Seashells, Lobster, Golf Carts and You – Isla Holbox, Mexico
Seashells, Lobster, Golf Carts and You
Isla Holbox, Mexico
The island of Holbox, (pronounced hohl-bosh) which lies off the northern coast of Mexico’s Yucatan penninsula, is an old-school jewel of character and oddity. Depending on the season, you may be one of a handful or one of a couple handfulls of travelers visiting Isla Holbox, but either way, you’ll find it easy to relax and go slow on the beaches and in town.
The islanders "time-release" a delightful and very low-pressure "take it easy" vibe. Naturally, this is wonderful thing, but it also makes it virtually impossible for you to get anything done. The only people who seem to be in a rush to do anything on this island are the fisherman, who’ve probably already returned with their catch of lobsters and fish by the time you get your lazy self out of bed.
Therefore, I advise that when you come here, you leave any type of "to-do" list on the mainland. There are no ATMs, groceries can be expensive, and the prospect of doing laundry or developing film will leave you baffled. Come prepared with batteries, film, small change in Pesos, mosquito repellent, sunscreen, and anything else you can’t live without for the time you’re here. You won’t find more than a few small general stores for staples here, and you might be paying four or five times as much as you would normally for them. Don’t think "highway robbery" when you’re shelling out cash, just think "stupid me" for not having come prepared…also remember to save enough cash for your boat ride back to the mainland, and your bus ticket back to civilization.
The island is large, 25km by 3km, but the main central section of town is small. This is where the "action" is. The "action" usually regarded as buying some beers and then drinking them on the main plaza. Here you may spend some time watching the locals play basketball or entertain friendly local dogs and curious children. Other than that, you can count the number of motorized vehicles go by (on one hand), and marvel that there is actually a miniature beer truck/golf cart making deliveries to keep you happy. Relax, this is Holbox.
There is a beach on the lonely northern part of the island, an easy 10-15 minute walk from the central plaza. As with all of the "roads" in town, the path is made of fine white sand, so leave your shoes behind and let your toes enjoy some freedom.
Murky waters, Isla Holbox
From here you can walk along the beach as long as you like while admiring the fishing boats at anchor, the murky greenish water, and the birds swooping overhead. Don’t expect blue crystal-clear waters here, as this agua is a mix of both Caribbean and Gulf waters. Try wading out into the ocean and you’ll be surprised how far out you can go without the water coming up past your knees.
As you beachcomb, you may find interesting pieces of driftwood, an abundance of brightly colored seashells, or just a lot of seaweed, but either way, you’ll definitely find a peaceful moment. Eventually, just as you’re thinking to turn around, you may come across flocks of strange white flamingoes. Earliest in the morning is the best time to see them, but ask locally if the flamingoes are in season.
Where to Stay
The most economical place to stay on the island is on the beach in your own tent or in your hammock, but if this isn’t ideal or if there’s heavy rain or wind, consider staying in a local’s spare room. Just ask around when you get off the boat, there will definitely be a taxi driver (taxis being of the peddle variety) with contacts ready to point you in the right direction.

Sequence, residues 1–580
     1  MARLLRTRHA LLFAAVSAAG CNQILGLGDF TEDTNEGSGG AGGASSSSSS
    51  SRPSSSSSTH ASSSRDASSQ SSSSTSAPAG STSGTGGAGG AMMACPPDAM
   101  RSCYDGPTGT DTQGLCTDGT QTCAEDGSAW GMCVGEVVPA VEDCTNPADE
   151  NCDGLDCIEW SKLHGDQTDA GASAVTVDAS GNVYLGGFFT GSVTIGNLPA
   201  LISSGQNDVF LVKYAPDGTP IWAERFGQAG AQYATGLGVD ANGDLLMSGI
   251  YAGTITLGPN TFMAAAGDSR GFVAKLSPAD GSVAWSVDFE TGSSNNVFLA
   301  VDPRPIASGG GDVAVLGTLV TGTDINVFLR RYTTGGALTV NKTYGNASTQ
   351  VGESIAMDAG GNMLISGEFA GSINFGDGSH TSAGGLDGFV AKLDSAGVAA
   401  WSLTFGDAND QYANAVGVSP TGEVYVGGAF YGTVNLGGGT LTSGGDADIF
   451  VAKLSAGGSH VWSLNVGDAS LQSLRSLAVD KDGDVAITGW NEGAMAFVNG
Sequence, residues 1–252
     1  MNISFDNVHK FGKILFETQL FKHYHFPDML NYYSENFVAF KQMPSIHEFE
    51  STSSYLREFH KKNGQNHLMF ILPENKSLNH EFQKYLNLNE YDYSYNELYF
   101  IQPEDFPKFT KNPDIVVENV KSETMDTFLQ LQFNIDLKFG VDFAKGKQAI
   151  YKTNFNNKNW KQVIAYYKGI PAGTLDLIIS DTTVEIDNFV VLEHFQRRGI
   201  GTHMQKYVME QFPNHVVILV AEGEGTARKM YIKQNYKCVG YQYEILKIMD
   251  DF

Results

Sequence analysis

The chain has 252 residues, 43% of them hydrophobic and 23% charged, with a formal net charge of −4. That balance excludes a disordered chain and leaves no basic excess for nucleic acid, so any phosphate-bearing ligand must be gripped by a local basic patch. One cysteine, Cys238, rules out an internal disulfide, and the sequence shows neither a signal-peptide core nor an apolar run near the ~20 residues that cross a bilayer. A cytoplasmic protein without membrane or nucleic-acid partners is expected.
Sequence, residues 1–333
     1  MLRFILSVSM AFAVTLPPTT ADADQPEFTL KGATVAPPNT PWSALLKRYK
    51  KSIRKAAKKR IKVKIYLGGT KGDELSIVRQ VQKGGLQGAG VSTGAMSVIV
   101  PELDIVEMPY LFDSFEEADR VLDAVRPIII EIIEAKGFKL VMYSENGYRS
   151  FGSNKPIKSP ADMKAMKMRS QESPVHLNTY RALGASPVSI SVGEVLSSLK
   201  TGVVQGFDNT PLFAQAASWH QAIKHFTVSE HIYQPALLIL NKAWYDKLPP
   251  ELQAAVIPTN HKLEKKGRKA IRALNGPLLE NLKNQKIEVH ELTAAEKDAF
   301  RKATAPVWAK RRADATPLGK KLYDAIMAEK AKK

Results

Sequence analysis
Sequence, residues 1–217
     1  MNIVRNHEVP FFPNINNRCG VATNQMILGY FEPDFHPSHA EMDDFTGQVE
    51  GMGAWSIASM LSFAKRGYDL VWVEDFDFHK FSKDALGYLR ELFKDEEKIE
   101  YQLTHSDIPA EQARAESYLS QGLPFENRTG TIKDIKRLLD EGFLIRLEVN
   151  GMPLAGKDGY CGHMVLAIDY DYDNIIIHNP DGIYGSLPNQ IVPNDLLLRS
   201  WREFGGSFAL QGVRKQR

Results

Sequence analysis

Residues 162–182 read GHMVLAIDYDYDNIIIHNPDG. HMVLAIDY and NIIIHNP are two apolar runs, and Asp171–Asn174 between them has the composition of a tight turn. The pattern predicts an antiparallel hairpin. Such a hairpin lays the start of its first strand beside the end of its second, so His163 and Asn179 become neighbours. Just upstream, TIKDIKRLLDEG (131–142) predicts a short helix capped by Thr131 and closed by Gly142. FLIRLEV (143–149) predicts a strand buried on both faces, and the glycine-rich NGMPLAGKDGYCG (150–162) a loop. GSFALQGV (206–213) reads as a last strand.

There are also some palapas on the northern beach near town for less than $10 a night and very basic. The only other option comes if you continue walking along the beach, where you’ll find a set of newer more expensive hotels. They are your typical gringo-style lodgings for gringo prices, and probably more expensive than you want to pay (upwards of $50 a night!). One of these hotels is a real tiki-village charmer however, with thatched roofs and sea view going from $40 a night for two people. It’s expensive but wonderful, with pool, mosquito nets, balcony with hammocks, communal kitchen, gym, and lovely decorations. You can’t miss it. A splurge-worthy place to spend a night, and friendly too.
Where to Eat
I have been traveling throughout seafood-laden North, Central, and South American countries for years now, and I can truly say that the biggest, cheapest (120 pesos) and most delicious seafood ceviche I have ever tasted can be found right here, on the main plaza of Isla Holbox. The restaurant serving this masterpiece of culinary marvel has no name, but is on the south corner of the plaza. You’ll see it with it’s wooden tables and small black dog named Pirata. Friendly owners too. They also have lobster pasta (80 pesos) and cold beers. There is an Italian restaurant run by Argentinians around the corner, just off the plaza, called Pinocchio’s. The local ex-patriates gather here at night, and the food is excellent (steak and seafood). Other than a few small local comedors and snack shops, you don’t have that many choices. Groceries are expensive too, so bring them with you if you’re planning on cooking.
How to Get There
From the transportation hubs of Cancun or Merida, there are several buses a day to the tiny, unimpressive town of Chiquila, where you catch the supposedly waiting ferry to the island. The last ferry leaves at 5pm, so make sure you don’t get stuck in this town, as there are no hotels to speak of, and the people are not too friendly (probably because everybody prefers to go to Holbox). If you are in Valladolid, Chichen Itza, or other smaller towns in the area, ask locally for when the bus passes through going to Chiquila. The earlier you leave the better the outcome. The trip from Cancun is about three hours. The ferry costs 35 pesos one-way.